Brits brought Telugu to UK: Ragasudha Vinjamuri

Ragasudha Vinjamuri was recently honoured for popularising the Telugu language and culture abroad.

If you crib about not having the time to pursue your hobbies, you need to take a cue from Ragasudha Vinjamuri.

The professional IATA (International Airport Transport Association) consultant is also a seasoned Bharatanatyam dancer, as well as a Telugu literature enthusiast. Based in London since 2004, she is also a doting wife and mother to a baby girl. And recently, she added another dimension to her personality by bagging the coveted Asian Media Honorary Award for her contributions in the field of culture and language among the Telugu community in the UK.
The honour was doubly special as she was nominated by the public, especially since there are so many senior dance and vocal artistes in the UK. “I don’t know why they chose me,” she says.

On further thought, Ragasudha, who started learning Bharatanatyam as an eight-year-old in Hyderabad, says, “I’ve given over 200 performances till date, including one at the World Telugu Conference in Tirupati. On weekends, I also teach dance to around 20-25 kids here.” But get ready for her most outstanding contribution. “I recently published my research stating that the Telugu language was brought to England by the British in 1845, and not by native Telugus. The British started teaching Telugu here in universities. They learnt it during their stay in India,” she reveals.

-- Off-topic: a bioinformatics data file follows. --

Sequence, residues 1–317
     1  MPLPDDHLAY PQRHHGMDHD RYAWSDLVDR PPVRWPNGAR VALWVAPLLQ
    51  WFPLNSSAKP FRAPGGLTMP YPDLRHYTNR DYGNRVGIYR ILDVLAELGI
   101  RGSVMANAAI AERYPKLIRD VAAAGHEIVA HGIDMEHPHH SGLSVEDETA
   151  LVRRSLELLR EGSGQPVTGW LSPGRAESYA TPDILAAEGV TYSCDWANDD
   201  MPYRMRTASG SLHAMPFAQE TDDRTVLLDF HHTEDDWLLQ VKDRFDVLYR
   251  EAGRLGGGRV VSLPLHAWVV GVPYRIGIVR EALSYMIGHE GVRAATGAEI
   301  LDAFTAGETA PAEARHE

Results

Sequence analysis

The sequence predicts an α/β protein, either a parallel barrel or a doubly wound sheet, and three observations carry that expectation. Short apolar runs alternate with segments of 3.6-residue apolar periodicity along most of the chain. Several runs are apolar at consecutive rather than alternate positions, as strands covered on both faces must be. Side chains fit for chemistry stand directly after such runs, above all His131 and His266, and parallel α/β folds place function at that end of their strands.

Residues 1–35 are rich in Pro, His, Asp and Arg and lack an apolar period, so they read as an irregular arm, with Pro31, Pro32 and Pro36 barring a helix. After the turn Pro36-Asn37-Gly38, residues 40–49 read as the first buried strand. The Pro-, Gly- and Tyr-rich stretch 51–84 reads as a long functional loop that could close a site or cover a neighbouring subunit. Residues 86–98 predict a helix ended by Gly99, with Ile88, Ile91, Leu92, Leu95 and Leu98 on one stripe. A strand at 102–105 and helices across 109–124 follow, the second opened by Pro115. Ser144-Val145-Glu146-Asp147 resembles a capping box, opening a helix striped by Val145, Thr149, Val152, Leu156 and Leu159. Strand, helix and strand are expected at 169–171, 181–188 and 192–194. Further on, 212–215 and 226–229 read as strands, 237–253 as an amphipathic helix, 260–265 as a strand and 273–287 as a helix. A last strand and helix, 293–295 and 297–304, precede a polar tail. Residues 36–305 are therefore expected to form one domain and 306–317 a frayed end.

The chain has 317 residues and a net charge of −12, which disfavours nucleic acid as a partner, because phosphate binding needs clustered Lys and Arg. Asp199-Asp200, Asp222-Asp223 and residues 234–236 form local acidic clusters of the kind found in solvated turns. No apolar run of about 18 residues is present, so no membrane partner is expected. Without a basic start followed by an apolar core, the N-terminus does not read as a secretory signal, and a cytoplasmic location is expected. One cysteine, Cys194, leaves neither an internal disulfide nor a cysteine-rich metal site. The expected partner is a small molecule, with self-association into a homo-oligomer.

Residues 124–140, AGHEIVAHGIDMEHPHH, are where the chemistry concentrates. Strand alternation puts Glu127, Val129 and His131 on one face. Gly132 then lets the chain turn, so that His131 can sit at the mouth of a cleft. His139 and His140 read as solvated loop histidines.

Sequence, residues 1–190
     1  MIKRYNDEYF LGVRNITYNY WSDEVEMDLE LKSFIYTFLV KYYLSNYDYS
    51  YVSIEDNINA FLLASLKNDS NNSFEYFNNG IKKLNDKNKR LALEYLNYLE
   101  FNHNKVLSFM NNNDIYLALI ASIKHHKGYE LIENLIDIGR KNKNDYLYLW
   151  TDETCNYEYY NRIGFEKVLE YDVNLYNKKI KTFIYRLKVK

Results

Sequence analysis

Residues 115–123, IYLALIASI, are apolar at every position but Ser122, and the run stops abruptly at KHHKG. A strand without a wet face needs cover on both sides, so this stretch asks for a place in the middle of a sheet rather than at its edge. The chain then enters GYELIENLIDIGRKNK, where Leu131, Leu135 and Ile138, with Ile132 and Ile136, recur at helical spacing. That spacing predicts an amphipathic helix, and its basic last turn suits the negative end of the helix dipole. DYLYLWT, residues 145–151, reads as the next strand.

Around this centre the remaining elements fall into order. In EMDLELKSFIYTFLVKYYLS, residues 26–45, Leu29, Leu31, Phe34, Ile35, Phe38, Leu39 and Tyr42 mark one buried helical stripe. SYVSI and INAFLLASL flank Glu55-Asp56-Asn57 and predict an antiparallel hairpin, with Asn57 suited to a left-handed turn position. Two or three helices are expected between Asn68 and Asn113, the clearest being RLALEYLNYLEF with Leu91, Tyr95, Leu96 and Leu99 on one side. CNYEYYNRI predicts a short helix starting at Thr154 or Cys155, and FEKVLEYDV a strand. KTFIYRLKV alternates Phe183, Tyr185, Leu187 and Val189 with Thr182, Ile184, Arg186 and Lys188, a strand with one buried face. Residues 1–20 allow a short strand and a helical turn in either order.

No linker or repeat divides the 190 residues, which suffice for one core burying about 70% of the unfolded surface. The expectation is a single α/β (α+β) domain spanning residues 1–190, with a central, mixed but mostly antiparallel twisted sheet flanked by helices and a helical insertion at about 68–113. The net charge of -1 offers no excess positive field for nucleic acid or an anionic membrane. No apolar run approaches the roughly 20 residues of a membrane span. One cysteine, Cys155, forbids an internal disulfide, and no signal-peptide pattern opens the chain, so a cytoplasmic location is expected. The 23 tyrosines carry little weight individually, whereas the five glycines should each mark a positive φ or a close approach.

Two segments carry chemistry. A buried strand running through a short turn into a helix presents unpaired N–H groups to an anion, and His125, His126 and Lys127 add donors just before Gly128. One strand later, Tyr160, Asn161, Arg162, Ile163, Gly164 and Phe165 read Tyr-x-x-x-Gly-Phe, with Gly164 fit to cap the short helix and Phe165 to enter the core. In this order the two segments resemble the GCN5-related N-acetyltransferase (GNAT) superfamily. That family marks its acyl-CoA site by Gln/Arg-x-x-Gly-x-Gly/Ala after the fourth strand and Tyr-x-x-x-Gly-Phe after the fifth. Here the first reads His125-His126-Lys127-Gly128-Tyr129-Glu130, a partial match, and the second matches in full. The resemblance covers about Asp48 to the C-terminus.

It’s hard to believe that someone who has transcribed the Telugu scripts found on 70 of 300-year-old palm leaf folios in London doesn’t hold any master qualifications in Telugu literature. “As I child, I was exposed to a lot of books because my father was an avid reader. That’s when I started reading about our language and culture. Since then, I’ve studied the migration patterns of Telugu people to Mauritius, Burma and the UK,” she explains.
How does she find time from her hectic schedule as a travel and tourism instructor? “You will find the time if you really want to,” says Ragasudha, who recently trained the staff of Turkish Airlines and Pegasus Airlines in Turkey.

As principal of Kuoni Academy of Travel in the city years ago, she played an instrumental role in training the staff of Jet Airways and Air Sahara in international procedures, as they expanded their operations abroad.

( Source : dc )
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